My Favorite Things (song)

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"My Favorite Things"
Song
Published 1959
Composer Richard Rodgers
Lyricist Oscar Hammerstein II
Language English
Recorded by Mary Martin & Patricia Neway (1959),
John Coltrane (1961–67),
Julie Andrews (1965)
and various others

"My Favorite Things" is a popular show tune, originally from the 1959 Rodgers and Hammerstein musical The Sound of Music.

The song was first sung as a duet between Maria (played by Mary Martin) and Mother Abbess (Patricia Neway) in the original 1959 Broadway production and by Julie Andrews in The Garry Moore Show's 1961 Christmas special and the 1965 film.

Background[edit]

In the musical, the lyrics to the song are a reference to things Maria loves, such as "Raindrops on roses and whiskers on kittens, bright copper kettles and warm woolen mittens". These are the things she selects to fill her mind with when times are bad.

The original Broadway musical places this song in the Mother Abbess's office, just before she sends Maria to serve Captain von Trapp's family as governess to his seven children. However, Ernest Lehman, the screenwriter for the film adaptation, repositioned this song so that Maria would sing it with the children during the thunderstorm scene in her bedroom, replacing "The Lonely Goatherd", which had originally been sung at this point. Many stage productions also make this change, shifting "The Lonely Goatherd" to another scene.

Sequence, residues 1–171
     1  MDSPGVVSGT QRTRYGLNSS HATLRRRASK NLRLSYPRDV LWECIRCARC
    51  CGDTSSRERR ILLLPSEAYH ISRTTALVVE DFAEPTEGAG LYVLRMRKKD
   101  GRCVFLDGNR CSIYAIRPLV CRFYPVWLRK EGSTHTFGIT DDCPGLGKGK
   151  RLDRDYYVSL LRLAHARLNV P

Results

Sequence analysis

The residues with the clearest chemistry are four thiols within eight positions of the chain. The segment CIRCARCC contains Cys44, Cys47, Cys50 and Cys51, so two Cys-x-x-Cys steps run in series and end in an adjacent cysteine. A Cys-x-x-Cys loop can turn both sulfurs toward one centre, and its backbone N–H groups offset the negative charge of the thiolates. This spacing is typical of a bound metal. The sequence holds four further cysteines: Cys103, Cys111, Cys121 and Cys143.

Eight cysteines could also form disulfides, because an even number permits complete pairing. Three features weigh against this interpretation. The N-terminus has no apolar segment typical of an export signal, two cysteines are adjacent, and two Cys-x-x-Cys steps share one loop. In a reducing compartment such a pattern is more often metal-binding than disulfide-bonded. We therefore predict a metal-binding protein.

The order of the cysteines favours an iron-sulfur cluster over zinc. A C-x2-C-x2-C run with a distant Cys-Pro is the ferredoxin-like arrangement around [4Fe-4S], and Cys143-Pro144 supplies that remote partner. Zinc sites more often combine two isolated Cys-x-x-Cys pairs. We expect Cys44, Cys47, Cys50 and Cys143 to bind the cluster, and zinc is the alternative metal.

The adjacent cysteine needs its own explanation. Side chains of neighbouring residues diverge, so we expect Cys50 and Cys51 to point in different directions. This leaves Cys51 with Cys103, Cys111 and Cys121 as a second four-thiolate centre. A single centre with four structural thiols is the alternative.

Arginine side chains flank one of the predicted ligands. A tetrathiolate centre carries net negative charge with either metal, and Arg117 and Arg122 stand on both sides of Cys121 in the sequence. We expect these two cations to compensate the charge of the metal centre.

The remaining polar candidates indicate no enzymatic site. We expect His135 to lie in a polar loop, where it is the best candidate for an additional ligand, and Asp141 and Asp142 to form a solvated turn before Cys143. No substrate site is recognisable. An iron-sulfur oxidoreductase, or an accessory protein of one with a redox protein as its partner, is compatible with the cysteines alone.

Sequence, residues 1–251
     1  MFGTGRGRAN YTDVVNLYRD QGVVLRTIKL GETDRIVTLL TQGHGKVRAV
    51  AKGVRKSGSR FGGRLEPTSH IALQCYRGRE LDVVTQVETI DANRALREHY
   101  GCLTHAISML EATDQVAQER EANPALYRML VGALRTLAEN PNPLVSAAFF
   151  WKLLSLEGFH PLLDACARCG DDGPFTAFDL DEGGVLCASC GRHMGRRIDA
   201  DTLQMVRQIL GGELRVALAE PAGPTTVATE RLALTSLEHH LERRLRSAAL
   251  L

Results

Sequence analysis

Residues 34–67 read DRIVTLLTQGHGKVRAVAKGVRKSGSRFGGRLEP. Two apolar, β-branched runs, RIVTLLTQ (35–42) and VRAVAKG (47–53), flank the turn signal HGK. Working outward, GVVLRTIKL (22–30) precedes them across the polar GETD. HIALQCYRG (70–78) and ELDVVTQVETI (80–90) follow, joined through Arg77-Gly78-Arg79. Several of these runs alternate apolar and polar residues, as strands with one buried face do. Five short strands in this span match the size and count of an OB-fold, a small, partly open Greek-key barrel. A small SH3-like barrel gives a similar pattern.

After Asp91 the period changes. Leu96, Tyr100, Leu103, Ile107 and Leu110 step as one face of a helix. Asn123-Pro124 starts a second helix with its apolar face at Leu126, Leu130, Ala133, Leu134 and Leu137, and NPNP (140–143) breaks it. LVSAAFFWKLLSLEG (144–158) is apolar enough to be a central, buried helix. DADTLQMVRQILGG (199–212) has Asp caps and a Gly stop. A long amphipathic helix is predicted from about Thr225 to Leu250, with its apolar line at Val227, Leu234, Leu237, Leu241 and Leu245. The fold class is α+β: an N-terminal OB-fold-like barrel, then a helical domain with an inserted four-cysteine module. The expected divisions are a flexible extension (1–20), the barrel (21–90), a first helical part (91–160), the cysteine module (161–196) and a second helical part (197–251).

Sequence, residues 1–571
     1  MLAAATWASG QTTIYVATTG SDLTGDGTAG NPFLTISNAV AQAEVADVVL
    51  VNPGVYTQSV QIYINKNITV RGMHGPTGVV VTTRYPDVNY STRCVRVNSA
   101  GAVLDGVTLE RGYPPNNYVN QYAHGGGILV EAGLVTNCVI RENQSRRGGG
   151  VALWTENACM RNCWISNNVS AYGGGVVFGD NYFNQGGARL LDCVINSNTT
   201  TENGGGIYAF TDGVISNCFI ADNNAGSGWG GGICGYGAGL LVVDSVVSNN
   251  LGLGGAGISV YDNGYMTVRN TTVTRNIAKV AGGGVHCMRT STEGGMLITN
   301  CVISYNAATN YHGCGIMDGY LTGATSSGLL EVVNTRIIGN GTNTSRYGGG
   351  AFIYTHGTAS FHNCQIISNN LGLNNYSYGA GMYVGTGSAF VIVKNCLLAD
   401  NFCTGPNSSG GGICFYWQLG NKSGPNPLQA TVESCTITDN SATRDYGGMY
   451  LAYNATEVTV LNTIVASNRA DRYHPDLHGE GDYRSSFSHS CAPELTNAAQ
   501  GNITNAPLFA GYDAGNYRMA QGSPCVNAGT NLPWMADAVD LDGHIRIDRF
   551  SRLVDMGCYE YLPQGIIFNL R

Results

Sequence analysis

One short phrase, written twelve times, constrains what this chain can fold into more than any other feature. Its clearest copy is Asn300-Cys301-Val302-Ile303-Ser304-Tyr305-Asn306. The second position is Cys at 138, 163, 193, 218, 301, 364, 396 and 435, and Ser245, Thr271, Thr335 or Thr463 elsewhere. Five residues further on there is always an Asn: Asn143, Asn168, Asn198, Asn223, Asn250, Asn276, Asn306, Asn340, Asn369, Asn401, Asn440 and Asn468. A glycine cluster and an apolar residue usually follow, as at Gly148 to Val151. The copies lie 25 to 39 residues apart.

The first section of the melody has the distinctive property of using only the notes 1, 2, and 5 (Do, Re, and So) of the scale. Rodgers then harmonized this same section of the melody differently in different stanzas, using a series of minor triads one time and major triads the next.

The happy, optimistic lyrics – "Cream-colored ponies and crisp apple strudel" – are just a counterpoint and cover up an undercurrent of fear. As noted above, the song was written to be sung by a young woman scared of facing new responsibilities outside the convent. In the film script the song is repositioned, with Maria singing it to the von Trapp children during the thunderstorm; but the terror contained in the melody is still the dominant emotion.

The song ends with a borrowed line of lyric and notes from Rodgers' earlier composition with Lorenz Hart, "Glad to Be Unhappy", a standard about finding peace in the midst of unrequited love. Using the same two notes for the phrasing of "so sad" in the original song, Rodgers brings the gloom of my "Favorite Things" to a similar upbeat ending – "and then I don't feel so bad."

In 2004 the movie version of "My Favorite Things" finished at No. 64 on AFI's 100 Years...100 Songs survey of top tunes in American cinema.

In popular culture[edit]

John Coltrane[edit]

Jazz artist John Coltrane did an extended, close to fourteen-minute version in E minor on his 1961 album taken from the title of the song. It became a jazz classic and a signature for Coltrane in concert, also appearing on Newport '63 in 1963, Live at the Half Note: One Down, One Up and New Thing at Newport in 1965, Live at the Village Vanguard Again! and Offering: Live at Temple University in 1966, and The Olatunji Concert: The Last Live Recording in 1967.

Other notable versions[edit]

The lyrics in 'My Favorite Things' compose mostly of Winter imagery (e.g. Snowflakes, Silver white winters, Geese flying at night, Mittens, Bright copper kettle, Packages tied up with strings, Sleigh bells) which has made 'My Favorite Things' a popular selection during the Christmas and holiday season. The song has appeared on numerous Christmas albums, including:

References[edit]

External links[edit]